I love being connected online just as much as the next person. However, with great technological advances comes great responsibility.
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t We’re living in the modern age. My son doesn’t remember a time without smartphones or on-demand movies. Consequently, instant gratification is the expectation for his generation. However, my peers and I grew up renting movies from an actual store and making phone calls from the family house phone. Therefore, we tend to have a greater appreciation for technology’s advances because they’ve transformed our lives in a big way. I also find that we eventually realize that these modern gadgets should have a place in our lives, not run them.
t Today’s world is all-consuming and extremely demanding. If I wanted, I could spend every waking moment on my tablet, phone or laptop, completely plugged in but utterly disconnected. Yes, social media and the online world play a crucial role in our everyday lives. I couldn’t effectively blog, write, bank or shop without the wonder that is the internet. However, I’ve learned the hard way that there’s a price to pay for being perpetually plugged into a virtual world. For me, that price is time away from my child. For others it may be their productivity at work or their commitment to personal relationships. It is possible to be physically present but mentally and emotionally distant. That is not how I want to live my life and that is most definitely not how I want to parent.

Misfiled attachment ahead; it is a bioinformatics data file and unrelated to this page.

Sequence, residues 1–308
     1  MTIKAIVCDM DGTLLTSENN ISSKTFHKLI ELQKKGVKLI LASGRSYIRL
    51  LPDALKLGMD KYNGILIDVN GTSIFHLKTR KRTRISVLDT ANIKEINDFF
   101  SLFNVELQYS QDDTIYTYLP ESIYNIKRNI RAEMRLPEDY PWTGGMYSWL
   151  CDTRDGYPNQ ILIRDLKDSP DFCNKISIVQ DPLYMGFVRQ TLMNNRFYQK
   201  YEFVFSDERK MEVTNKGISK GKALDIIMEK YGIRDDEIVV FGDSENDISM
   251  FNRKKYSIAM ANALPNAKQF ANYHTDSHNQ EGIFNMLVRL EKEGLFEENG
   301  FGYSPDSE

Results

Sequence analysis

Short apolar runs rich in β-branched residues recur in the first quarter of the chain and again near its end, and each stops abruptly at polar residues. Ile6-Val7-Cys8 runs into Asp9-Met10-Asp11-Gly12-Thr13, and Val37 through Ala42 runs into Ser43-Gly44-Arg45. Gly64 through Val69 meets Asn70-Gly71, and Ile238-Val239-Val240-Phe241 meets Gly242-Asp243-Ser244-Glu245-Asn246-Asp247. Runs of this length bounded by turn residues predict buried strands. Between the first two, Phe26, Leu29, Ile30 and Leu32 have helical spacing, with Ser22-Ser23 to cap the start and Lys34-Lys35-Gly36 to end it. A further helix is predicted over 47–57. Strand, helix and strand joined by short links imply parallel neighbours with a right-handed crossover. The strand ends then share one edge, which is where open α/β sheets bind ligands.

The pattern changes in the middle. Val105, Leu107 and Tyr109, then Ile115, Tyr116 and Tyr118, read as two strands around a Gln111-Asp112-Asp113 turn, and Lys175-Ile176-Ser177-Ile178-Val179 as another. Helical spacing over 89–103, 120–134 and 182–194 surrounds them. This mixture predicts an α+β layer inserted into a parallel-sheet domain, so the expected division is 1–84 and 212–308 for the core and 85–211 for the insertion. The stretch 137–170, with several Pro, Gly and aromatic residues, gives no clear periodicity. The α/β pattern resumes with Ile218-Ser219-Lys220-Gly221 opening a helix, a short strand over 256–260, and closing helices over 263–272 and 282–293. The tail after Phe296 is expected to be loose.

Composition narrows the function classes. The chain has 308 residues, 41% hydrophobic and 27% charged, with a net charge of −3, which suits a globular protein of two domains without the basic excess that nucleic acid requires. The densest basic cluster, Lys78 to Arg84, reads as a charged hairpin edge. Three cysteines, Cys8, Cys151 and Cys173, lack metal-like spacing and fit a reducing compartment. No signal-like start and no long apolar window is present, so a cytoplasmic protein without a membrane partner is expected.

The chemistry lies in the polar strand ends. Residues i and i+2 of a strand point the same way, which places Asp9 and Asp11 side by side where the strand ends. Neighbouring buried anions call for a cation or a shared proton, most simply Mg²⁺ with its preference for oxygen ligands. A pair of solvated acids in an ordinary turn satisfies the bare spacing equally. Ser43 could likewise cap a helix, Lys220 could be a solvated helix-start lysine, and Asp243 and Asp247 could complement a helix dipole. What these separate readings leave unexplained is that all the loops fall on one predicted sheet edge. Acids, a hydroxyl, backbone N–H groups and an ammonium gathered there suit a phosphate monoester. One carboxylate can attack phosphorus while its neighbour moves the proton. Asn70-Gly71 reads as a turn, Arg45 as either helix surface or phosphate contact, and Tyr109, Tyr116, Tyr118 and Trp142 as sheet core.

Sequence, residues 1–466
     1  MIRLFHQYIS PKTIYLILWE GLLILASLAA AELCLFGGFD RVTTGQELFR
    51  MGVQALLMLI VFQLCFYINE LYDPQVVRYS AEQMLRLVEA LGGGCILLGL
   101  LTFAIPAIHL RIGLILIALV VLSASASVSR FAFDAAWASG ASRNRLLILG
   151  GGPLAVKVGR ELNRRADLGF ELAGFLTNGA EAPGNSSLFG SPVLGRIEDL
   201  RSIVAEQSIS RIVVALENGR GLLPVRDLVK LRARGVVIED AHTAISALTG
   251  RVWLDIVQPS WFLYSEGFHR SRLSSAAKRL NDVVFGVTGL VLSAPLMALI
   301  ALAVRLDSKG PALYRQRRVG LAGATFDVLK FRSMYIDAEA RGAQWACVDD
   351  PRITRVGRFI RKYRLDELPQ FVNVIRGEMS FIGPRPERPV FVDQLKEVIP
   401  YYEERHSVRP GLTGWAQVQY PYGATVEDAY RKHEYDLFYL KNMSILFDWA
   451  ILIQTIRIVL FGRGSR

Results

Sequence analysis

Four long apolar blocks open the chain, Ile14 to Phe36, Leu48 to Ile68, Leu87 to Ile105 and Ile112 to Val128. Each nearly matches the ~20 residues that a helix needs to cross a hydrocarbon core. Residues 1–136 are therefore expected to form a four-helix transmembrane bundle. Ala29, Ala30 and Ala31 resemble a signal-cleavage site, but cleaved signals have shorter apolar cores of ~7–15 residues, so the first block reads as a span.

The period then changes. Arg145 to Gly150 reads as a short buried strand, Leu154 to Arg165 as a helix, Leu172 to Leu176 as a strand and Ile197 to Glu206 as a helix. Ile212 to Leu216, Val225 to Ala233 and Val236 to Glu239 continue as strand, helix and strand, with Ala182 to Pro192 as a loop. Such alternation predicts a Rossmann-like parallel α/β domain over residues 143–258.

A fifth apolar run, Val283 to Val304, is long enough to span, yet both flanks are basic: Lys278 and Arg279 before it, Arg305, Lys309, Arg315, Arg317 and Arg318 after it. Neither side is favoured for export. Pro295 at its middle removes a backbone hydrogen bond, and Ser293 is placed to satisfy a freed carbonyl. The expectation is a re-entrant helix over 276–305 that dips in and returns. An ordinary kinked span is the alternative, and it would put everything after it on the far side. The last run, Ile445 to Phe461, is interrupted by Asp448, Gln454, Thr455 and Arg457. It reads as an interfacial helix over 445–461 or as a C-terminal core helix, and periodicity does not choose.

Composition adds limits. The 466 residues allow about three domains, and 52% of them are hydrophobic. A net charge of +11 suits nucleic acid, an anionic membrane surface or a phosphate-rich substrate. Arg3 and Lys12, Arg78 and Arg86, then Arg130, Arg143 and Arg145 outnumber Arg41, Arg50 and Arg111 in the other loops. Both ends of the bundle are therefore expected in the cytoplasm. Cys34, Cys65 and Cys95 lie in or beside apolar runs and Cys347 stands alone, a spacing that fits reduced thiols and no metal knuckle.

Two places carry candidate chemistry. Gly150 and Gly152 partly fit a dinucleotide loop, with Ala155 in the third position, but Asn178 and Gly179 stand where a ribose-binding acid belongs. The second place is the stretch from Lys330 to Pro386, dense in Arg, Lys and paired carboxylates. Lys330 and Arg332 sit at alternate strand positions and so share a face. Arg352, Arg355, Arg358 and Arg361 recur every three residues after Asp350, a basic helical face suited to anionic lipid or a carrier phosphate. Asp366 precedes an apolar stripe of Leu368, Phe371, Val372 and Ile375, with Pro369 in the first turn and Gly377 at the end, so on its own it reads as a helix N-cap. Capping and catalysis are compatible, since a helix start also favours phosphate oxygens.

t I thank the slower pace of my upbringing for bringing me to this realization. I am not perfect and it’s often difficult to just say no to picking up my phone or tablet. It takes a little self-restraint to achieve balance but the payoff is worth it.
t The modern family is a marriage of old and new, the simple and the complex coming together to create an efficient and effective union. We carry the torch of a time passed but not forgotten. It is our responsibility to teach our future leaders the importance of being present in their own lives while using technology to advance their existence in a balanced manner. Instant gratification is grand but patience will always be a virtue. From now on I’ll work on teaching my son that instead of checking my email three hundred times a day.